And then, of course, the Arthur Murrah Federal Building was bombed by a religious, gun-collecting tax protester, and the Republican flirtation with rural militant libertarians was forced underground. And now, ten years after David Koresh led his followers to the apocalyptic end he had always craved, most people have forgotten such a flirtation ever happened.

But I haven't. And we mustn't. Nine years ago, the Republican party--sotto voce, to be sure--was more interested in allying with the memory of a madman than the law enforcement arms of the Federal government. When the Grand Old Party accuses the Democrats of being soft on crime, remember Waco. And who, ultimately, was on the side of justice.

Wednesday, April 16, 2003
Randy Moss Sued. In other news, Sun Rises In East, Sets In West

Randy Moss, tempestuous wideout for the Minnesota Vikings, is being sued by the traffic controller he pushed with his car last fall. Among the allegations: both negligence and intentional infliction of emotional distress. Now, I'm not a lawyer, but my wife is. Negligence requires carelessness; therefore, it would seem difficult for there also to be intentional infliction of diddly squat. (Incidentally, intentional infliction of emotional distress has my favorite definition in all of law: conduct that would make an ordinary person say "outrageous!" No, really, that's the textbook definition.) I make no judgement on Moss' liability. I only note this to congratulate the attorneys on creating a box that says if Randy meant to do it, he's liable, and if he didn't, he's still liable. Bravo.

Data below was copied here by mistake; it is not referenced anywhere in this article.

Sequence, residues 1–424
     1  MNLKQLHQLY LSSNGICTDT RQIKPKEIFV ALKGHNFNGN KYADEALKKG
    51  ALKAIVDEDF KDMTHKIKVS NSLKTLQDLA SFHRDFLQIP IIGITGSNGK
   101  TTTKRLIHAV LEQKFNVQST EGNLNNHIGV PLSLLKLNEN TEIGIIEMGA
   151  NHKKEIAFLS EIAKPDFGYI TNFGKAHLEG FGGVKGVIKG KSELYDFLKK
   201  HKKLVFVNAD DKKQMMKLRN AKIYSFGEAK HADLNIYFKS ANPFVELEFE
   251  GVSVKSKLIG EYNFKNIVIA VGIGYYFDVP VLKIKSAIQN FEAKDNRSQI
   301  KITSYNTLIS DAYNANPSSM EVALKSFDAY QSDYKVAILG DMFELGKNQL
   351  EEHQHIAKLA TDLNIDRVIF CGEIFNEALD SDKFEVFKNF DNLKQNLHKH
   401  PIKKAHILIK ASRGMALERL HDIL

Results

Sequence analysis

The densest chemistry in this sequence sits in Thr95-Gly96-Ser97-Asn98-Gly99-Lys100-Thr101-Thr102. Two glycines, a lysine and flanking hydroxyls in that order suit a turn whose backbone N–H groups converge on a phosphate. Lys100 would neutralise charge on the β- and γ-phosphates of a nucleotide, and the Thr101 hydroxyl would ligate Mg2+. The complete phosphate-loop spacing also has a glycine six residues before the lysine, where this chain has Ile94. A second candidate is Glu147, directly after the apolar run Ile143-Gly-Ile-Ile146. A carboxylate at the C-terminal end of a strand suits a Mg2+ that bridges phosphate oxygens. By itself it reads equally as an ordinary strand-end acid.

Those Dang Syrian Saudi Fighters

Josh Marshall mentions that there's evidence that most of the Arab irregulars in Iraq seem to be Saudi, not Syrian. Huh. I thought it was the darn Syrians with their pourous borders and their evil ways that were aiding the Iraqis. But it turns out it was our buddies the Saudis! Ha ha! I'm sure they're going to have a hilarious story about this wacky mix-up! Ho ho! Those crazy Saudis. Always getting into trouble. I mean, remember 9-11? Hoo boy. Good times, good times.

I gots to write more often

Hey, I've got a daughter and a new job (I'm in collections now! So y'all pay your bills or I'm going to call you. And if that doesn't make you pay, I'll call you again! Bwahahahaha!). Life is busy. Not that it's a bad thing.

It's a typical Minnesota spring. Monday it was 93. My wife, daughter, and I grilled out (turkey burgers for me, veggie burgers for the vegetarian wife), did some light gardening, and generally enjoyed a perfect Minnesota evening. Tuesday, it was 65, and the rain fell in sheets. I tried to grill out again, damn it, because I wanted to. But charcoal doesn't burn too hot in a monsoon, so I was forced to fry the turkey burgers. (It ain't the same.) Today, it's 48, and a cold, soaking, biting rain fell all day. Tomorrow, it's supposed to be 38 with sleet.

A 45 degree swing in four days. That's life in the upper midwest. It's supposed to be back up into the seventies by next Tuesday.

It doesn't matter. Every Minnesotan has learned to expect this. We know damn well that the first eighty degree day will be followed by some cold and misery; winter has too much sway here to let go easily. But we know that the worst is over. There will be no more snowstorms, no more black ice, no more sub-zero days. Winter is over, and no amount of sleet can change that. In a couple weeks, we will be through with spring, and straight through into the blessed Minnesota summer, where temperatures will hover in the mid-eighties, nights will bring drenching thunderstorms, shorts will be worn, and all will be right with the world.